The peripheral intervention group is the company’s largest and was the core group when the company was founded. As the company planted its roots in radiology, over the years it streamlined into various business units, which total eight at present.
Recognizing that women tend to oversee a family’s health, combined with the fact that they tend to live longer than men, and because gender-specific medicine still is in its infancy, the company launched its most recent unit, Cook Women’s Health, in May 2006. This move was an answer to the need for more of a singular focus on obstetric and gynecologic products in areas such as pelvic floor repair, high-risk obstetrics, assisted reproductive technology and gynecologic imaging, according to Christina Anné, global leader of the Women’s Health unit.
“We looked at different diseases, indications and solutions that we could bring to the table,” Anné told MPO. “We created a roadmap and found that there were already a few products we could list in that roadmap. The good news was there were still a lot of opportunities left. Women often are considered as a small man, but they have different needs. A lot of pharmaceuticals and devices are on the market based on studies and randomized trials done on males. Women need different solutions, different products. We’re very driven and we want to do the best for the female patient. It’s very fun to lead.”
How could it not be fun to lead, given the division’s significant success in its first year alone? According to the company, the Women’s Health unit grew 30% in North America in its first year of business, with its sales force expanding by 50%. The company also said that sales across all of the Americas grew 28% and are forecasted to continue in similar fashion throughout the remainder of 2007.
In the past few years, the company has been working toward unifying all the units’ brands and separate companies, so that they no longer work in silos as separate entities. Since Cook has its devices in far-reaching places such as Europe, Japan, Canada, Australia, Africa and the Middle East, each Cook affiliate in these locales has its own personnel, physician resources and economic solvency. However, each company shares technology and product distribution channels. Europe has been a particularly lucrative region, as Cook noted in one news release that it doubled its sales there over a four-year period ending in 2006, with growth attributed to its successful import operations.
The company doesn’t buy or acquire technology but, instead, creates and develops its own line of products with its key opinion leaders. That’s not to say Cook doesn’t develop partnerships or relationships with other innovators, though, such as the Urology division did in July when it formed an alliance with Convergent Laser Technologies to market and distribute Convergent’s Odyssey lasers and laser fibers for the treatment of kidney stones.
Although the company doesn’t outsource a large portion of its manufacturing, Cook does rely on some select vendors to produce certain catheter technologies, wires and needles, French said. In these instances, he noted that Cook’s operations and quality teams are closely aligned to ensure that manufacturing problems don’t occur.
“You’ve got to find someone with the expertise to produce what you need,” French said. “But more important, you have to validate that they can do the work in a timely fashion. One thing you can’t have happen is get a vendor on board and then have it unable to produce the product or supply the material for some reason. Cook’s quality is on the line here. When a product goes bad it doesn’t matter who made it. It’s our name on the product, and we’re sensitive to that.”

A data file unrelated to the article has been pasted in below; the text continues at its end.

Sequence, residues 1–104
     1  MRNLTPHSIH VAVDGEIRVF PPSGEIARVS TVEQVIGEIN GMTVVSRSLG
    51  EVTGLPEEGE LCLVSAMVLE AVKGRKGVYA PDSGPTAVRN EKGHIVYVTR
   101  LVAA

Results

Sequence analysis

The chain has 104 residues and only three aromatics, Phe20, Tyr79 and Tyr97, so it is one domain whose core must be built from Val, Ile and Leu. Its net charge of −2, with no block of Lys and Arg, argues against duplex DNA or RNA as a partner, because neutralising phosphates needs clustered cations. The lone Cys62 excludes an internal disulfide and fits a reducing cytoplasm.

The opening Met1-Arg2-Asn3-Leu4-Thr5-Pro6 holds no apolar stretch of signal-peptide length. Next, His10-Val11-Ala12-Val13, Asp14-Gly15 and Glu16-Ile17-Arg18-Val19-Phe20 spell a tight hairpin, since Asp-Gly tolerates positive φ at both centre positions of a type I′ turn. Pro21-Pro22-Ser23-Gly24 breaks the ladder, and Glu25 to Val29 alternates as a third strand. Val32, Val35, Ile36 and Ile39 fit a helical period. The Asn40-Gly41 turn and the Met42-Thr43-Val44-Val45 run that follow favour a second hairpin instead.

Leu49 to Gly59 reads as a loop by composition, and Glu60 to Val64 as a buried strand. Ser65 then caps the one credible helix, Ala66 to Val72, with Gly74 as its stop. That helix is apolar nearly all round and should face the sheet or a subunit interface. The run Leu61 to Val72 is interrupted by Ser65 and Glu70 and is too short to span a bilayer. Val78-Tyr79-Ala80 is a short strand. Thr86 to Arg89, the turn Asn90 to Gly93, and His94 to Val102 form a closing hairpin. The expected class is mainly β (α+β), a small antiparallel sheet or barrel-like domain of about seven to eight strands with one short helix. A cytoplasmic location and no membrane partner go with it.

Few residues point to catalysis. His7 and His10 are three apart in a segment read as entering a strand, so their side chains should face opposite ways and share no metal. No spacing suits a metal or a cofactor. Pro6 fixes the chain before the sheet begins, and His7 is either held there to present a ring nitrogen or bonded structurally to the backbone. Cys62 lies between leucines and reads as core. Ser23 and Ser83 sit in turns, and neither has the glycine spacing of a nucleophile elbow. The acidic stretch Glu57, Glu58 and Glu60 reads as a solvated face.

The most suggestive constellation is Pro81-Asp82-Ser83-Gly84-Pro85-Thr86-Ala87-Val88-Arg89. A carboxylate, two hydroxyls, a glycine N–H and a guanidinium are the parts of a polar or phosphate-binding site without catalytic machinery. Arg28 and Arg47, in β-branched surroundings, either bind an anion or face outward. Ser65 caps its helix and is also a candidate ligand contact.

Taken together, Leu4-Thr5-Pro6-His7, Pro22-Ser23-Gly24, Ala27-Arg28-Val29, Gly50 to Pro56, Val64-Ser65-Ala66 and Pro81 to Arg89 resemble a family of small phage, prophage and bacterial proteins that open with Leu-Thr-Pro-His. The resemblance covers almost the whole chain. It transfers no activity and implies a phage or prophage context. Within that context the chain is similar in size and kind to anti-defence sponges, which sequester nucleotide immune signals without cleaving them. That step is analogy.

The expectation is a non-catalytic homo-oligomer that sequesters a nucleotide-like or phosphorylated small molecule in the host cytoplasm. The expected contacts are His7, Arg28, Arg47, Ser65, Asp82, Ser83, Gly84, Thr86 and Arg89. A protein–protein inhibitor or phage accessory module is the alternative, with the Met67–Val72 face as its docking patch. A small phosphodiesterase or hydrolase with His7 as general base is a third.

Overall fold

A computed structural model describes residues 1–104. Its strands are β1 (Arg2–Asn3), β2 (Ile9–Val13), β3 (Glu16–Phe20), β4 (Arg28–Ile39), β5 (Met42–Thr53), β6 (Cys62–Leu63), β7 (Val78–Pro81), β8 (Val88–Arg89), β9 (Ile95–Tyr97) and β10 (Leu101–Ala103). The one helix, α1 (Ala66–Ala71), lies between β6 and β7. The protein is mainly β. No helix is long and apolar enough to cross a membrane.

Although French said Cook keeps growing every year, Bill Cook still comes to work early every morning. With the company’s myriad medical technologies in so many device market segments, continued growth seems inevitable as it keeps penetrating new markets and advancing medical research by providing financial support to universities, hospitals and physicians.
As the first US company to market coronary stents in 1993, one product the company is excited about is its Zilver PTX, a self-expanding nitinol stent coasted with paclitaxel. In 2003, Guidant actually proposed a $3 billion buyout of Cook, though the deal fell through after the stent failed to meet clinical endpoints in the trial.
Although drug-eluting stents are hardly new to the industry, Cook currently is holding a Phase II trial (conducted simultaneously in the United States and Japan, a first for the industry as a whole) to evaluate paclitaxel-eluting stents for the treatment of peripheral arterial disease, a condition that affects 10 million Americans and currently doesn’t have a treatment of this type available to patients.
“Currently, drug-eluting stents are the primary therapy for obstruction in the coronary circulation. And it is hoped similar technology, used in the legs, will help those who suffer from peripheral arterial disease,” noted the study’s principal investigator, Dr. Richard Saxon, assistant clinical professor of radiology at the University of California, San Diego, in a recent press release.
“One of the things we’re doing right now is developing core technologies—based on what might happen to medicine in the future. Our goal is to develop first-world medicine around the world,” French said. Combination products with drug/device and biologic/device design concepts, such as those involving stem cells and biomaterials, are at the forefront of the company’s research at the moment. Describing the company’s pipeline as “very rich,” French said the marriage of Cook’s devices with pharmaceutical products puts the company in a good position for the future.
Although everything scientific is serious business, keep in mind that founder Bill Cook has created a conglomerate that also includes sectors such as real estate and transportation. Well known in Indiana for his contributions to his community, there may be one slight risk of overshadowing all his medical achievements with his latest endeavor. Cook Group has been involved in the preservations of historic French Lick and West Baden, IN, creating a grand destination resort that opened to critical acclaim last November.
Perhaps it will be yet another place to form relationships?